One of the harder transitions I am having here in Laos is eating a heavy meal for breakfast. I still dream about eating my giant bowl of chilled almond milk poured over a mound of crunchy granola that I was so used to in the United States.
I asked someone what Lao people eat for breakfast, and they responded, “the same thing we eat for both lunch and dinner!”
For me, it is a transition that I am still getting used to. Though after reading “The best noodle soup in Luang Prabang” written by Cindy of So Many Miles, I knew this noodle place had to be next on my list. Now that the ‘secret’ is out of the box for the entire world to see, I wonder if this little joint really lives up to all this hype it’s receiving.
This hidden place is located off of Phouvao Road, a road that has a heavy Chinese presence with its recent influx of restaurants, hotels, guest houses, and tourists. As I approached the little restaurant seemingly camouflaged behind a wall of shrubbery, I noticed only one other hungry Lao sitting down and slurping a bowl of Pho for breakfast. Though this quickly changed as a giant group of about fifteen Chinese tourists came in to eat their breakfast. I quickly ordered my bowl of pork Pho with thin noodles in Lao and sat down. Upon first impression, this little restaurant seems fairly classy for a place where supposedly a large amount of locals flock everyday to discard their lime wedges and tissues all over the ground. The interior is complete with mahogany chairs and tables with almost every condiment that you can think of located in the center of each table. This is a place that I would consider bringing a guest to enjoy a nice bowl of Pho, and not a place where I imagine that local Lao stop by routinely for their morning bowl of Pho. For 20,000 kip (US$2.48), it is somewhat of a steep price to pay for a bowl of Pho located a good distance from the main city center. This restaurant is also extremely clean and tidy compared to many other local eateries that I have routinely stopped at in Luang Prabang.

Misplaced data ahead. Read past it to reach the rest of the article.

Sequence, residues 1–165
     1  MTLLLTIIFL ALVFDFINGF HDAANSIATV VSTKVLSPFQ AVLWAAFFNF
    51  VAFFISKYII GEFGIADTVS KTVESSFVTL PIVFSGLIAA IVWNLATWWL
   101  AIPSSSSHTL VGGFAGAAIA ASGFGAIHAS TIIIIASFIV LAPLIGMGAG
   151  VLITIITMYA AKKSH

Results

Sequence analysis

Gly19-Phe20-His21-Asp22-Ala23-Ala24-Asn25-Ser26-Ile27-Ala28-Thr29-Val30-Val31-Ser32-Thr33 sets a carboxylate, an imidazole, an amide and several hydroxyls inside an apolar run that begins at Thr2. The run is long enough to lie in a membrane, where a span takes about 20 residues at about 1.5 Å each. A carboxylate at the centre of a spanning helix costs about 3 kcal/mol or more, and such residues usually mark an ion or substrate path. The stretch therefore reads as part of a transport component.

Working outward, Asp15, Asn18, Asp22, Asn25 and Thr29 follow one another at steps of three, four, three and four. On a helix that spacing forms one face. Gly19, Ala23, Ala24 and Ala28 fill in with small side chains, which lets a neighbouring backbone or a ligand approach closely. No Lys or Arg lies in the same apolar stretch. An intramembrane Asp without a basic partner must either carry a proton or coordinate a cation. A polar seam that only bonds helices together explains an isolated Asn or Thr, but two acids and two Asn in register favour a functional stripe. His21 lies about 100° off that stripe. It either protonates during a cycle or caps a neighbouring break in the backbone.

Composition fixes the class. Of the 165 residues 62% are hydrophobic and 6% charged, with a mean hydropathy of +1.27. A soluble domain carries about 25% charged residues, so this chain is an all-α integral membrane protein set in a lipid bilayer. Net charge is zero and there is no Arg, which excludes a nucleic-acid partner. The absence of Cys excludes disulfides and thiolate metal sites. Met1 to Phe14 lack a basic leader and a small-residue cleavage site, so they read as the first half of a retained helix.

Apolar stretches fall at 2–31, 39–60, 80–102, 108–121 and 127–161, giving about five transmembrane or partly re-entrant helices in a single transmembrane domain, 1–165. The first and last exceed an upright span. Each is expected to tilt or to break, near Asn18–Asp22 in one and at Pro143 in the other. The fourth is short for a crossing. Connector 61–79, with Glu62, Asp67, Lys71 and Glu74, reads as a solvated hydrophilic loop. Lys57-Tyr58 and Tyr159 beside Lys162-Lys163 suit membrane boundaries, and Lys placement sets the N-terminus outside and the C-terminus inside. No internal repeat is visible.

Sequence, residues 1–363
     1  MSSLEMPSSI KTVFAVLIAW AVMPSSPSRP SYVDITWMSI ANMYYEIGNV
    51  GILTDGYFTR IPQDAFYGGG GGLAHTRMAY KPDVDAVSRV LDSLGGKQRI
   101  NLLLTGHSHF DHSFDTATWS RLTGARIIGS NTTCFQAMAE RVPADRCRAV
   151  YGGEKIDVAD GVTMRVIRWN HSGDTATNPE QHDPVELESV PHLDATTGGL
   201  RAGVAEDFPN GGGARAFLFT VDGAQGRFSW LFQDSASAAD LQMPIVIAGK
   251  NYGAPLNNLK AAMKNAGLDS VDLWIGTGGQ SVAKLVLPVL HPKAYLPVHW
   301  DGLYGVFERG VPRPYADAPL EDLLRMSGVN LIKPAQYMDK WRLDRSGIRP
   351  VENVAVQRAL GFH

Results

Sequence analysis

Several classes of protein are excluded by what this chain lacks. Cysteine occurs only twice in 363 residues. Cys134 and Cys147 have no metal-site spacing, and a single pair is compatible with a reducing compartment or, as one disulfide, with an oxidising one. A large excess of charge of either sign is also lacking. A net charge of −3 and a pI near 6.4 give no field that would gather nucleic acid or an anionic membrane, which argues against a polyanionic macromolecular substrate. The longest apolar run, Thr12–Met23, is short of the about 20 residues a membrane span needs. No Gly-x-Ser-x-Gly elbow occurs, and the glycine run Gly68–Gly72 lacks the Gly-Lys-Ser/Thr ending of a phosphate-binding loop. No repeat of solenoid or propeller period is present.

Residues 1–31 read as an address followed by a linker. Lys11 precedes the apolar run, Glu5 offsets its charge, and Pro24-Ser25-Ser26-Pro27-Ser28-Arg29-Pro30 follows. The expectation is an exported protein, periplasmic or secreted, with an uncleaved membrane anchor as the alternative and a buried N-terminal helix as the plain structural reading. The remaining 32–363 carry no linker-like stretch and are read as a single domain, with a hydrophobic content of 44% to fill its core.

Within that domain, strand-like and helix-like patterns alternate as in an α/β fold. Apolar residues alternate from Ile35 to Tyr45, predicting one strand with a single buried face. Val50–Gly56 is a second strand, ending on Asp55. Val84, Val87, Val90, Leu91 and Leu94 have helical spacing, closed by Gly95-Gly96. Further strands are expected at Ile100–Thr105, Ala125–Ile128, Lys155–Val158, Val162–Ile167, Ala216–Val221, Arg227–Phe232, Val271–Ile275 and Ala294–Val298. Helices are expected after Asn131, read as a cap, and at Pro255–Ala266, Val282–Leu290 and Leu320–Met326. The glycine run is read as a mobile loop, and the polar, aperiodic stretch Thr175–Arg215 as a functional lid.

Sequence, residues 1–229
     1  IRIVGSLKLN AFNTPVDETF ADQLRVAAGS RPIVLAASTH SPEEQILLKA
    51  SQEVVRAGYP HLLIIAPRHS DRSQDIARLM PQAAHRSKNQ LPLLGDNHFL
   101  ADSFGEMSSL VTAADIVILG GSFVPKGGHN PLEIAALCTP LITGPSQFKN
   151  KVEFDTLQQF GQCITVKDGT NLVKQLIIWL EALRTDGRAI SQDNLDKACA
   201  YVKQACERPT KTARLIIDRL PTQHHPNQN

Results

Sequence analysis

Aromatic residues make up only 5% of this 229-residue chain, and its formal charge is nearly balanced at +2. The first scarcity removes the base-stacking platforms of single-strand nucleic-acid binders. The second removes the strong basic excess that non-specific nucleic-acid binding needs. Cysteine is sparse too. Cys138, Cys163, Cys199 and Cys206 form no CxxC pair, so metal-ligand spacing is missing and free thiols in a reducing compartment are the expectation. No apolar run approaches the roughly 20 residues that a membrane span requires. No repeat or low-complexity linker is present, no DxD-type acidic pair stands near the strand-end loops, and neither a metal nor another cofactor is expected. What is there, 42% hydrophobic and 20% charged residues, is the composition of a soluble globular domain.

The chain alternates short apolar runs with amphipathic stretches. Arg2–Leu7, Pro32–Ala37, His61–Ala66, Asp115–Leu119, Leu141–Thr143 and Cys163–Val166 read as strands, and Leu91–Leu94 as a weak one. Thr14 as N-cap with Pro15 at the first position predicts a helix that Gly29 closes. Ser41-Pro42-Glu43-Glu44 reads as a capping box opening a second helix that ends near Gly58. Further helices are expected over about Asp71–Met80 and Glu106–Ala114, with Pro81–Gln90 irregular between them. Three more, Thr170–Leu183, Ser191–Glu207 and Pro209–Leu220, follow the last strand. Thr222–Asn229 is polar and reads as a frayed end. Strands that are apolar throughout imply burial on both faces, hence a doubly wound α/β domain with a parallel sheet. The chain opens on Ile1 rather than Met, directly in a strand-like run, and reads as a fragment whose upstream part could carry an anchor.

Pho, also pronounced “fuerr” by some here in Lao PDR, is a noodle dish with its origins in Vietnam in the early 20th century. The broth, where most of the flavor comes from, usually consists slow boiling a few bones of meat, large chunks of onion, and an array of spices that is neatly cinched in a small bag. The noodles can come either in a large size like what would be served in chicken noodle soup, or skinny like vermicelli noodles for spaghetti. You then have your choice of either beef, chicken or pork for the meat. It is then served with a bowl of herbs, long beans, bean sprouts, lime wedges, and some jeow (sauce). My favorite thing about eating Pho is how customizable it can be. With the expansive selection of condiments on the table, no two bowls are bound to be the same.
While I do enjoy the constant soundtrack of traditional Lao music playing in the background, the ambience is a little cleaner and more orderly than most local roadside stalls that I tend to go grab my daily bowl of noodles. The Pho itself, however, was extremely delicious. It is served in a very large bowl, and I had a tough time finishing all of it for breakfast. This restaurant even gives you large fish meatballs, which I have not seen in any bowl of Pho that I have eaten at other places. So, does this restaurant live up to the hype? For me, it is a great place to experience a nice bowl of Pho that is devoid of many western tourists. However, I prefer to stick with my personal ‘secret’ noodle soup spot in Luang Prabang – one that I will use as my rebuttal in a future post.